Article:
I always knew that my mums went to a clinic and that I was conceived through artificial insemination with the help of donor sperm.

My mothers were always really open about my conception, and that is something I appreciate. That way I could form my own opinion about my conception story and the industry around it, and I could talk with them about it. That is something that I would advise other parents to do also. Don’t wait for children to ask questions, just start to tell them their story so that there is an opportunity to ask questions. Children sometimes don’t think that they can ask something if it’s not talked about. So I would advise you to prepare yourself for any questions you could get.

As a young child, when I got my first laptop with internet access, the first thing I did was start to google. I wouldn’t say I was a smart child but I was a child with a lot of questions. Like, why does it get dark when I go to bed? Why are we here? And so came the time that I started to google “donor child” or something like that. Can you imagine a 9/10 year old child googling something like that and discovering a whole other universe?

Okay, that didn’t happen. But what I found out was something that I never knew before. I had landed on a government website where the rules were written down for donor conceived people. It said that I could meet my biological father when I turned 16 and that before that I could get a donor paper with information about him, when I turned 12. That was something my mums never told me before. When I found this information I asked them if they knew that all this was possible, but they didn’t know the details. Yes, they knew that we could meet him, but when? They didn’t know.

And from then I saw him as a real person, even though I didn’t know him. The only thing I knew about him before getting the donor paper was what features he had. That was because I had got his big brown eyes and my sister got his blond hair. But because of the donor paper, I knew what he looked like, what he’d studied, that he had no children of his own. But the important thing was where he lived! He wrote the city down and it was the city my mothers are from. That was really crazy - they could have walked passed each other ages ago without even knowing it.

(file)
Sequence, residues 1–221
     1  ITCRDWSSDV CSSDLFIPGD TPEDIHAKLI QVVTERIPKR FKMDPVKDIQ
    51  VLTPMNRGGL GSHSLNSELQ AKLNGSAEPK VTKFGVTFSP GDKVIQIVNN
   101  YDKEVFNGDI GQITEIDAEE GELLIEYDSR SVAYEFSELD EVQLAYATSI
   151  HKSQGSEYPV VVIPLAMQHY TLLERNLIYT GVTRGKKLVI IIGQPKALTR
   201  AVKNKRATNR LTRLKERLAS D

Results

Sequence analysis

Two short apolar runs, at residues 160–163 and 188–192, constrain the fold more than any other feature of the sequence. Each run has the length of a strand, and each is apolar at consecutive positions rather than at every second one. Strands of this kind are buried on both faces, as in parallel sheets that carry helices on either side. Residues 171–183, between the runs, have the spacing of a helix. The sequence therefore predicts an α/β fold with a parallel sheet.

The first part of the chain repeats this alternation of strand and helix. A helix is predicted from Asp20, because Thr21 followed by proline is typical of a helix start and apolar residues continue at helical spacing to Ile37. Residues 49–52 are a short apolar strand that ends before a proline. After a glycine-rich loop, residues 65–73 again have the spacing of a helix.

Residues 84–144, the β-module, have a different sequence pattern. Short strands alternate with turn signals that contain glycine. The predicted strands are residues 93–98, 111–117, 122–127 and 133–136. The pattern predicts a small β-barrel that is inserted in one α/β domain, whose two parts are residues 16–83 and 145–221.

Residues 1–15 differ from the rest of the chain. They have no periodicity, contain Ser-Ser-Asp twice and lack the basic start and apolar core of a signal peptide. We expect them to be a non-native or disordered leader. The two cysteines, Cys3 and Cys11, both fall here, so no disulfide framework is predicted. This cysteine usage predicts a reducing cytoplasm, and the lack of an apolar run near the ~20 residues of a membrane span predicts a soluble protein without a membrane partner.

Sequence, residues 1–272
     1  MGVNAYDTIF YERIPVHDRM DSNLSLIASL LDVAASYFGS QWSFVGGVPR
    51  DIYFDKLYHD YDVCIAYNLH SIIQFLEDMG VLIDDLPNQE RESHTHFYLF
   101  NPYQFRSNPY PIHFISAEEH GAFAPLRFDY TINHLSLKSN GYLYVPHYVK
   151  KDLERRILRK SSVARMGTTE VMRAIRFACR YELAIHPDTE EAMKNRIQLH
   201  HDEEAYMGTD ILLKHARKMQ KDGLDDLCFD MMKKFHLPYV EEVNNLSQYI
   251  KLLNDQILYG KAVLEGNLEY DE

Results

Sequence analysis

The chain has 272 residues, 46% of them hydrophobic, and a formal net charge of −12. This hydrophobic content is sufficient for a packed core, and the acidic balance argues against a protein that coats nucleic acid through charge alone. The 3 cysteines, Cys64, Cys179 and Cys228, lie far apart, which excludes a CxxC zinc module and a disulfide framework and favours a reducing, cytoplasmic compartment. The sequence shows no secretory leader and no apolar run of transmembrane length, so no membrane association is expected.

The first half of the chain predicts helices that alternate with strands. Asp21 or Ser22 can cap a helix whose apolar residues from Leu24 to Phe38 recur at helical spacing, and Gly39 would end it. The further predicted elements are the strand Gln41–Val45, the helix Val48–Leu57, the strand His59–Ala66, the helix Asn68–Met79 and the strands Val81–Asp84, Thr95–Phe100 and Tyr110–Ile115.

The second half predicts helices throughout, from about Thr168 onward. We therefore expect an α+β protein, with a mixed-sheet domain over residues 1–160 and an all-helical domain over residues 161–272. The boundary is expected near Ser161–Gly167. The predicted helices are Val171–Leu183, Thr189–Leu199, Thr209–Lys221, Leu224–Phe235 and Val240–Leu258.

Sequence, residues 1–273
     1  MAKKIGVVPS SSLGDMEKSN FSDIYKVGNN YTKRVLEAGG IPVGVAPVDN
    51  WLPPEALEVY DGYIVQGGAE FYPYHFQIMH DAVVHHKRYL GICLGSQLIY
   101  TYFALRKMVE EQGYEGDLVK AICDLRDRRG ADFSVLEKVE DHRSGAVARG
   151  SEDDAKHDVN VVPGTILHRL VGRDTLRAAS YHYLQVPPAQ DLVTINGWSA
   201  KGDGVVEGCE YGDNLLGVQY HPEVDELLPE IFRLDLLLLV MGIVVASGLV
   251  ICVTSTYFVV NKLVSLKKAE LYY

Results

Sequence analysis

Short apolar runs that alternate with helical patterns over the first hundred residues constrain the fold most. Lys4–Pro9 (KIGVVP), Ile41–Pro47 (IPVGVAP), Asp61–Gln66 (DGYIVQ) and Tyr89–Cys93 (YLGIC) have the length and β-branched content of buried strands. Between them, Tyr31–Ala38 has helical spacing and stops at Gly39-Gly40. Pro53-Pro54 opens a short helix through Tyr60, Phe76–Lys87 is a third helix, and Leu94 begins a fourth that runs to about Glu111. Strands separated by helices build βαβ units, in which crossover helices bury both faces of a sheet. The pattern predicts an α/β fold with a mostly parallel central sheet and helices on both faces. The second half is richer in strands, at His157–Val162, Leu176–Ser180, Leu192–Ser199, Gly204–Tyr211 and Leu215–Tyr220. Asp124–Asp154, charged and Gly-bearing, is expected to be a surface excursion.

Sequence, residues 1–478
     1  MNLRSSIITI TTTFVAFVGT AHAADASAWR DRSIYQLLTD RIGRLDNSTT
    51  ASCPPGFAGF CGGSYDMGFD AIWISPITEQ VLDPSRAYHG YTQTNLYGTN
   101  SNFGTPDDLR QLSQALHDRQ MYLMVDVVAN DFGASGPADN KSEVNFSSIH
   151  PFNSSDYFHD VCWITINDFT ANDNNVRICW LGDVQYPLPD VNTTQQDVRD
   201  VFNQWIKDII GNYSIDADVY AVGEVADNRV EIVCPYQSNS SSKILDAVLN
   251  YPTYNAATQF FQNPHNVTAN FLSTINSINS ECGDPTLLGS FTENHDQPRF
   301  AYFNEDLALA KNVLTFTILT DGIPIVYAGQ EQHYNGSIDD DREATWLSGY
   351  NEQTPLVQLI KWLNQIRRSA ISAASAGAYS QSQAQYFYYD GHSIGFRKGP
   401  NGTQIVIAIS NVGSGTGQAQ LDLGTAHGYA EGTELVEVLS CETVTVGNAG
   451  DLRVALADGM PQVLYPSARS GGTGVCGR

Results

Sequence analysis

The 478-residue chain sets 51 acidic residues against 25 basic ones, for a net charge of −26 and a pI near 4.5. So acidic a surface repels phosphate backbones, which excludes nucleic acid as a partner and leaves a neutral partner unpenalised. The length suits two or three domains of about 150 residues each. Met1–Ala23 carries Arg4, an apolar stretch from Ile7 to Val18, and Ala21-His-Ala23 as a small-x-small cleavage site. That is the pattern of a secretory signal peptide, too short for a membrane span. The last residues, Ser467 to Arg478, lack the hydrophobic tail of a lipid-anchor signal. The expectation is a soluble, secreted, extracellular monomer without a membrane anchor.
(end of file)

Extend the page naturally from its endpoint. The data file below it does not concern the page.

What is more crazy is that I knew what his job was and were he worked! He just wrote down the place he worked in his bio about his life. I still don’t know why I didn’t go there to look for him, since I found it hard not knowing who my biological father was. Okay, it’s just crazy to visit a workplace and say, ‘’Hi, I am looking for my dad. He does x job here,” or, ‘’I’m looking for a man who does x job and was a student at x. I would like to ask him something.’’ I don’t know if I’m happy that as a 13-year-old teenager I didn’t go to his workplace. I mean…

A few months before I turned 16, I started to join DC community groups in my own country (the Netherlands). Coming into contact with other donor conceived people was something that had never happened before. I got to know a few people that were conceived through the same clinic. They sent an email to the clinic to ask for more information about the donor, and also about siblings. My parents always said that the donor was specially chosen for them, which would mean that I could not have half siblings. And since I knew from the donor paper that he didn’t have children of his own I had no hope of having other siblings besides my little sister, who I grew up with.

In part 2 of my story, I will talk more about it. Spoiler: I do have half siblings! I am going to talk about my relationship with them and about the relationship with my donor father.

Do you already want to read more about my story? You can follow me on social media, where I share my DC journey.

Website: http://MissingSide.nl
My podcast: https://anchor.fm/missingpieces
My DC YouTube videos: https://www.youtube.com/playlist?list=PLEBQcaS7xAsCBY_NCRsv3S4ueqomKVb-_
My DC YouTube channel DCP United: https://www.youtube.com/channel/UCB7UqVwh-Her-thv6FMtbUA/featured